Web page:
It was a time when film scripts were inspired by national issues. The 1934 Hindi film Chandidas, starring K. L. Saigal, was one such

New Theatres’ 1934 Hindi version of its 1932 Bengali film Chandidas has a strong ballad-like feel to it as it musically lays before the audience the story of the legendary poet-saint from 15th Century Bengal. Reminiscent of the Romantic poets, Chandidas was quite the recalcitrant figure of his times who opposed orthodoxy, rituals, and social stratification; favouring humanity as the only true religion.

The Bengali Chandidas, directed by Debaki Bose, with Durgadas Banerjee in the lead role, was a runaway hit that played for 64 weeks at the Chitra theatre in Calcutta. Two years later, the Hindi version directed by Nitin Bose and starring K.L. Saigal — his first major success — was released.

With his dreamy eyes, Saigal is a convincing Chandidas, who belongs to the upper caste and is in love with Rami (played by Umashashi), a washerwoman. Early in the film, Rami, while at her washing chores, sings ‘Premnagar men banaoongi ghar main,’ when Chandidas comes by to the ghats and joins in, in a very memorable duet by the two actors.

Music composer R. C. Boral pioneered the use of background music to heighten the film’s lyrical movement. The music is a character all by itself as it helps drive the narrative forward in this film filled with poetry from medieval Bengal. Indeed, Boral’s music and Chandidas’s poetry together create an aesthetically significant film that has, at its heart, the theme of liberation from the clutches of organised religion.

The film depicts a time when temples were closed to the lower castes. Chandidas, an apprentice to a temple priest, flouts the rules by insisting that the lord’s bounties are for everyone. His egalitarianism irks Gopinath, the local merchant, who, in true filmi fashion, lusts after Rami.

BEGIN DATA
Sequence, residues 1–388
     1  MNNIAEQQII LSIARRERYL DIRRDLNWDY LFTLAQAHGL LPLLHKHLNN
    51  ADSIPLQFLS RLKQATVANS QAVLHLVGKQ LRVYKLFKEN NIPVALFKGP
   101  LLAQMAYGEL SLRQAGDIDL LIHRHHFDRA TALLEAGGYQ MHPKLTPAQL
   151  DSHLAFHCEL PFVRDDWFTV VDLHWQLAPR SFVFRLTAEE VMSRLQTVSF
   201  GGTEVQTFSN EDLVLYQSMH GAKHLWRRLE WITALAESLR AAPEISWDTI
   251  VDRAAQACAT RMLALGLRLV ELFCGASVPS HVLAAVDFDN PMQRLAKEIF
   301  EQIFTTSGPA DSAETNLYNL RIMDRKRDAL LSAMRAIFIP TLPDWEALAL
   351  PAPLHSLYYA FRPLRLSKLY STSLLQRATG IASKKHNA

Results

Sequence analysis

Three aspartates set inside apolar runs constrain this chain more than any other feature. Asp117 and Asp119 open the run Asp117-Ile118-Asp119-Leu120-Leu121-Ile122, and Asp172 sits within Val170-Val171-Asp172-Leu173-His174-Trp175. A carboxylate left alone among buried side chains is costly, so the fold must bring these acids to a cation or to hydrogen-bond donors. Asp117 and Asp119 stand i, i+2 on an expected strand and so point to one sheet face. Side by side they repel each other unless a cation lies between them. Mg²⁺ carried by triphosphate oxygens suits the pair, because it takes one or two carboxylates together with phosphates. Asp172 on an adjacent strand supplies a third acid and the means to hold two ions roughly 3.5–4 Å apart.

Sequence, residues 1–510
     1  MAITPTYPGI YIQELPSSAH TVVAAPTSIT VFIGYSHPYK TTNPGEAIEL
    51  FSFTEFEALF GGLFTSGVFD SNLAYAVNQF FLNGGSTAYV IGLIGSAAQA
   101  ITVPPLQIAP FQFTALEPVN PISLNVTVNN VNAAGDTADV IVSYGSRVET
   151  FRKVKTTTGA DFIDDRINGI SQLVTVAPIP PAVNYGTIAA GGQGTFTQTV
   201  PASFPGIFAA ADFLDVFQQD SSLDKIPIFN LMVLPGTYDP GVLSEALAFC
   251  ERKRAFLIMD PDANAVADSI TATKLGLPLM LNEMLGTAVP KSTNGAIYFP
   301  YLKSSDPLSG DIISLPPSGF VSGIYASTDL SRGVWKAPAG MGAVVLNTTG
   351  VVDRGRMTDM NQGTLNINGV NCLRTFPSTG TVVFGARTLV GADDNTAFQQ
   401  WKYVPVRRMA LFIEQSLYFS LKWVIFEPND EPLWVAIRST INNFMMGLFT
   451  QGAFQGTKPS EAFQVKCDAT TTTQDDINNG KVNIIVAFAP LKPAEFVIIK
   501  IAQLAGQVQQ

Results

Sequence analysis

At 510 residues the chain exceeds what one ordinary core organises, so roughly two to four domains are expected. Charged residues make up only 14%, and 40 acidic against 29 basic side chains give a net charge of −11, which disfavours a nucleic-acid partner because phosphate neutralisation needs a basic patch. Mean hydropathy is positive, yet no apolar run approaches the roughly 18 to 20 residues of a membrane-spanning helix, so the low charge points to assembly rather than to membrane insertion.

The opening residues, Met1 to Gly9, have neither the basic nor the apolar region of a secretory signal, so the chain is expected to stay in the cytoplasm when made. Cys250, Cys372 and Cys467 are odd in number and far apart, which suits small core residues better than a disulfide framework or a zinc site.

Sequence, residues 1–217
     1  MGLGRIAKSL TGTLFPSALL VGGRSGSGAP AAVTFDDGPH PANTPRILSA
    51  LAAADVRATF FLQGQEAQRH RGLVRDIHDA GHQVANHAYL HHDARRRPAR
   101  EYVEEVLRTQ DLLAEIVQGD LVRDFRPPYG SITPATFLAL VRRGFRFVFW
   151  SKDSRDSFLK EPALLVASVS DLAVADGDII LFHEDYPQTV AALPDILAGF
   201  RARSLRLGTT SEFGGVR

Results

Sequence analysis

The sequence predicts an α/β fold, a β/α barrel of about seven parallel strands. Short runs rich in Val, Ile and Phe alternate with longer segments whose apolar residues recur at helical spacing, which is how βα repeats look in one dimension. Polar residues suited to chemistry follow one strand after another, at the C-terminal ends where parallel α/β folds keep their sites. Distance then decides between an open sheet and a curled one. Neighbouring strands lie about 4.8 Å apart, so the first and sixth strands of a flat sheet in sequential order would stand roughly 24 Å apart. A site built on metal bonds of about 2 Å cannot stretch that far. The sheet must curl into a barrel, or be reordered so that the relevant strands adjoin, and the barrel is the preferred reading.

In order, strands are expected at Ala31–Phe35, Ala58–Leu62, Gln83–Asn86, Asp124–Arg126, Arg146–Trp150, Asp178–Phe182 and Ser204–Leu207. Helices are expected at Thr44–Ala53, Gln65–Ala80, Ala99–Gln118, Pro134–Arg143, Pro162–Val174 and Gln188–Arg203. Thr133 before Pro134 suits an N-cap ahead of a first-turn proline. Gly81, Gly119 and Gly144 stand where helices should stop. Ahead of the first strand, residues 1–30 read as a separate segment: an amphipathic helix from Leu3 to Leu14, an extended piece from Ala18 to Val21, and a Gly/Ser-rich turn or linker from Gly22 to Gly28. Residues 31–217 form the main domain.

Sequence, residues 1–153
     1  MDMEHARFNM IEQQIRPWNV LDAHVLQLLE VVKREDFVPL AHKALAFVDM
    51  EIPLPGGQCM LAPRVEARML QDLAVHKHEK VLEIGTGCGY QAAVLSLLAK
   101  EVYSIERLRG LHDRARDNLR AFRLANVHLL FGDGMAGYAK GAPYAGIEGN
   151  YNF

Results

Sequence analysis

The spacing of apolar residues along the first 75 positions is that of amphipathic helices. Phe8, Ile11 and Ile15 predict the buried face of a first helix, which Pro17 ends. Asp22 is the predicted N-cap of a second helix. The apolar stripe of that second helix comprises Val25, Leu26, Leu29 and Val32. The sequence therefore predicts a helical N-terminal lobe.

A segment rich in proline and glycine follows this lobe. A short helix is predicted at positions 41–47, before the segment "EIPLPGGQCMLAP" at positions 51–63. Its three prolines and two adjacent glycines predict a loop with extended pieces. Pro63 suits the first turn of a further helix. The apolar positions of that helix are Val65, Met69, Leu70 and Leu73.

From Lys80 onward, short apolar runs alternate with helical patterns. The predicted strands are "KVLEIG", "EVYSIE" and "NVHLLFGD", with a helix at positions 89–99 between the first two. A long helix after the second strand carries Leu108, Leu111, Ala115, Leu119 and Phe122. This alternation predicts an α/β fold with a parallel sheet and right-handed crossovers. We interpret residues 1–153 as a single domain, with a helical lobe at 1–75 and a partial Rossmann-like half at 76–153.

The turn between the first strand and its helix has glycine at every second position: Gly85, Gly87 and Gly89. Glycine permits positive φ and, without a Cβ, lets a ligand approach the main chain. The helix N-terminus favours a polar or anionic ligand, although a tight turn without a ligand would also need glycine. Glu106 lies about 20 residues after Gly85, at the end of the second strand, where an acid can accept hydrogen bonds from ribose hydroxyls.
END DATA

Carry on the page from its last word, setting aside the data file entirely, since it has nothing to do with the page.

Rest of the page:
When Gopinath traps Rami in his house, Rami mockingly wonders about the irony of such an action by a supposedly incorruptible upper caste man. Rami’s outspokenness angers Gopinath, who sets fire to the house she shares with her brother Baiju (Pahari Sanyal, who sings quite a few songs in the film). Chandidas rescues Rami, and the priest rules that Chandidas will have to atone to be accepted back into his caste. An aghast Rami goes to meet Chandidas, when Gopinath’s goons assault her. When Chandidas sees the battered Rami, he is disgusted enough with the rigidities of his orthodox roots. No longer bound by any societal shackles, at last he is free. Chandidas, Rami, Baiju and Baiju’s wife make a foursome as they walk away, singing “Prem ki ho jai jai,” vindicating the religion of love.

It would be a more sombre ending for the lovers — the low-caste girl and the upper caste boy — two years hence in Bombay Talkies’ hit film on the evils of caste in contemporary India — Achhut Kanya (1936). The lesson was the same. According to Chandidas’s credits that commented on the lingering national problem of caste, the film is “based on the life problem of the poet Chandidas — a problem India has not been able to solve.”